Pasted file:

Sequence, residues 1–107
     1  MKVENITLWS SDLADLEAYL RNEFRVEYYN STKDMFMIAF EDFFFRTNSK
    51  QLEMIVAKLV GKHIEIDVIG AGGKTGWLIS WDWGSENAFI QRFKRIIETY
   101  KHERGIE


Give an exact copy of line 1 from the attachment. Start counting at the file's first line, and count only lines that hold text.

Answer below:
Sequence, residues 1–107